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Type safe pattern matching would be my reason, followed by separation of effects from pure functions, and allowance for creating real data structure types so we don't have to do things like "(define make-tree cons)" as in the last example of your page.

We can instead give tree a proper type, give operations over the type proper signatures which help to explain what the operations do, and get verification from the compiler at the same time that we aren't mixing things up.

It's hard to beat data Tree a = Node a [Tree a]




(define make-tree cons) - is very natural thing - it is called synonym - just another word for the same thing in a new context. Moreover, this is a better candidate for a proper way.)

separation of effects from pure functions - this I cannot understand. Aren't these function pure?

And another part of "properness" - each node of a tree is a tree itself. Sometimes less types is more.)

Well, I'm old-fashioned, but I think that being able to put any kind of data into a list is the strength, not weakness of a language, and that user-defined ADTs and compound data-structures needs no explicit typing, they are nothing but conventions.


Think again.

Types provide one important thing: static guarantees. Compile-time type checking can only work with strong, expressive data types, and ADTs provide a very good way of enforcing that. (Together with Haskell's `newtype` keyword, which really is nothing more than a convention, if you will, a different way of expressing a type synonym, but with the static guarantee that when you make up a `newtype Name = Name Text`, you cannot use `Name` wherever you can use `Text`, but you can access the `Text` `Name` is a wrapper for easily.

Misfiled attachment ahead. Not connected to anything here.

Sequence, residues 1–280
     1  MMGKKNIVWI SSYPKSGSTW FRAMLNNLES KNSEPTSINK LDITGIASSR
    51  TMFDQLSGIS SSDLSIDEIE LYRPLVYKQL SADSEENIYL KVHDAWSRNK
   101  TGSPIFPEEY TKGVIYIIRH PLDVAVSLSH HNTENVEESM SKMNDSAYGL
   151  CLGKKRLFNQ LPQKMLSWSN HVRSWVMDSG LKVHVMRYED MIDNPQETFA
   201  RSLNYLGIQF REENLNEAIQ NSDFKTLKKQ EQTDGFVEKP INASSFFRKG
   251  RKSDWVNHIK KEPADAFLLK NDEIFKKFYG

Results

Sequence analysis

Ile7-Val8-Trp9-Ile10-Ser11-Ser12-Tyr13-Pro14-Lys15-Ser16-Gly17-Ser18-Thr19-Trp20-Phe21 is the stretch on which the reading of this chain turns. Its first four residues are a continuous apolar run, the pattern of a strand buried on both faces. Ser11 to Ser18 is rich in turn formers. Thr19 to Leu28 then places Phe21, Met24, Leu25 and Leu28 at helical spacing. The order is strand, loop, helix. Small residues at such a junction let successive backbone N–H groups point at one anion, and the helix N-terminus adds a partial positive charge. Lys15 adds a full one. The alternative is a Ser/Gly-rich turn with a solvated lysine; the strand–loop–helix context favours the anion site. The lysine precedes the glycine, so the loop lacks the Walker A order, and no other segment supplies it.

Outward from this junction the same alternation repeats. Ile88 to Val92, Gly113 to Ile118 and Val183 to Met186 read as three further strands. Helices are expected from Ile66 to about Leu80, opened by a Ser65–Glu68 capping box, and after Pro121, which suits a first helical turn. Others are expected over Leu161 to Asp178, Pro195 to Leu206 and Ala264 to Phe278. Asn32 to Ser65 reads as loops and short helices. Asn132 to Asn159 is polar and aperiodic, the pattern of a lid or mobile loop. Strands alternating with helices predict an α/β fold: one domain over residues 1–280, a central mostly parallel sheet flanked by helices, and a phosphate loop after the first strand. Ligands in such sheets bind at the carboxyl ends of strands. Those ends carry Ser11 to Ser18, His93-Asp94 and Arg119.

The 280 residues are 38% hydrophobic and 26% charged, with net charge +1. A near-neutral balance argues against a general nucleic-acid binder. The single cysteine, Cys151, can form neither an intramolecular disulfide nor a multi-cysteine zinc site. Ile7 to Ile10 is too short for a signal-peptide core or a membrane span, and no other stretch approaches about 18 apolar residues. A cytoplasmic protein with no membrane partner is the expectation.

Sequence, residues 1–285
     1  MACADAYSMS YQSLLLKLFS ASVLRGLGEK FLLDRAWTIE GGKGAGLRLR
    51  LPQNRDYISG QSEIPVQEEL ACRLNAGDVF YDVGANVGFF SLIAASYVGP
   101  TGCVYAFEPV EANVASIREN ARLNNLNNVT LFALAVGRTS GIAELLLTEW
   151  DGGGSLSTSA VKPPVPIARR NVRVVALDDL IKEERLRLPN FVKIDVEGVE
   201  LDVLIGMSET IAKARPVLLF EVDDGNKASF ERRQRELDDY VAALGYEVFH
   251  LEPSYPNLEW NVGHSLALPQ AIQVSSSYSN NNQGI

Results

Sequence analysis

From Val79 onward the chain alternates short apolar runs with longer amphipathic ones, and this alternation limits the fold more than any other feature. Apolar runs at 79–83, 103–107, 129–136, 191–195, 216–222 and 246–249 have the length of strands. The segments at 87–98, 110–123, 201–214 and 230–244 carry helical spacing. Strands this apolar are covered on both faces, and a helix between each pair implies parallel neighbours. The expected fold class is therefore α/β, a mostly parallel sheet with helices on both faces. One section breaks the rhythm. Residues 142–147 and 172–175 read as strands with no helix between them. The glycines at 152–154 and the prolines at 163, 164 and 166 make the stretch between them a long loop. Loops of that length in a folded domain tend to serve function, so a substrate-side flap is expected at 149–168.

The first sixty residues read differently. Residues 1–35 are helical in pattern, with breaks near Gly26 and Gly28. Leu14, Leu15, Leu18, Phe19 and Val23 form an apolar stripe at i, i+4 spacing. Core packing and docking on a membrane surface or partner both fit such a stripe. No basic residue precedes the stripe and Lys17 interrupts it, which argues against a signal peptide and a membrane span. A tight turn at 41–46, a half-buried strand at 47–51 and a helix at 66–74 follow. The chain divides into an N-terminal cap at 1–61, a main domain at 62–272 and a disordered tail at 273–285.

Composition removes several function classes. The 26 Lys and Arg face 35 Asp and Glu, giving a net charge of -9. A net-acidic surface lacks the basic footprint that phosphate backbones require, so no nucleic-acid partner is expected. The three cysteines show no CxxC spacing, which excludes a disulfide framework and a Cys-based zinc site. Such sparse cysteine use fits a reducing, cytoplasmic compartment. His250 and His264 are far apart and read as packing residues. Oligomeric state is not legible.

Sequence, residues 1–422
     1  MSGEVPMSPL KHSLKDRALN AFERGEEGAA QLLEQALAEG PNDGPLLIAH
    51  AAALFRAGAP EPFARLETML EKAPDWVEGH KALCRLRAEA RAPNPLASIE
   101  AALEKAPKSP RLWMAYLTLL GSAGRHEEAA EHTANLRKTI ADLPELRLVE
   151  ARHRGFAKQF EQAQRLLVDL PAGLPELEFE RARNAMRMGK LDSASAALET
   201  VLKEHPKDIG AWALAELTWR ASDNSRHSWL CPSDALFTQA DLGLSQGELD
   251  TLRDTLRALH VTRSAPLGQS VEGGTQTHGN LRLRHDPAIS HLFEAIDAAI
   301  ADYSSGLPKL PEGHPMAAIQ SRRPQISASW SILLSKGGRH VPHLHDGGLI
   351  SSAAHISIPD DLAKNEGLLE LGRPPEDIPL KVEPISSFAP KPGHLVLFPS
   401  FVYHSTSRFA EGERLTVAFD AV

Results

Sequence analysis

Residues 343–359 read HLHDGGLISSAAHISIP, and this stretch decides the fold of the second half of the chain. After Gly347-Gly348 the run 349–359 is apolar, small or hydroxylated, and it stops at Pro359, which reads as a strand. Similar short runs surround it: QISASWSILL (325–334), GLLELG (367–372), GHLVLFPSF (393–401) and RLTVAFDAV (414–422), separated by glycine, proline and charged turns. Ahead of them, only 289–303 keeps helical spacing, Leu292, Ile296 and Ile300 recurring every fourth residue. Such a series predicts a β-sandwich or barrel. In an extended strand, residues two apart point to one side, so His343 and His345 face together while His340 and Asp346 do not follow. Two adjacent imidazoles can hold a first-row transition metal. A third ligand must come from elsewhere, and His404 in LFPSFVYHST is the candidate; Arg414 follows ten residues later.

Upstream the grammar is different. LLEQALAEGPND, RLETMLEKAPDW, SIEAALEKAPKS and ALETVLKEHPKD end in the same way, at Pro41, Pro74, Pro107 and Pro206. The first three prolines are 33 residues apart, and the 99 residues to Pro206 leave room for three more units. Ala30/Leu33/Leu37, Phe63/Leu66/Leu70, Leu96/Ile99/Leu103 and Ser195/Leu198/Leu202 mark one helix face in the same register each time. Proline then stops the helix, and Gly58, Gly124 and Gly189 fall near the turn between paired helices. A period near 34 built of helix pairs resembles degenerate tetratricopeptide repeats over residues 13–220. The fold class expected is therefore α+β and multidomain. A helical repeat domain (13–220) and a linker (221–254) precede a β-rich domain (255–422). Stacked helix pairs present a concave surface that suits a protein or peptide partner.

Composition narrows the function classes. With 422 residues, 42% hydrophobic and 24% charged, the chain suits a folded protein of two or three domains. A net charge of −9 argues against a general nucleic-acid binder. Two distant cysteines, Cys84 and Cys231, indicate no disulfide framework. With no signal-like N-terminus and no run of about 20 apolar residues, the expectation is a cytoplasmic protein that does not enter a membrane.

This makes it much easier for your intent to be expressed directly in the code, namely in the data types. Just compare:

    makePerson :: Name -> Age -> Gender -> Address -> Person
    makePerson' :: Text -> Int -> Text -> Text -> Person




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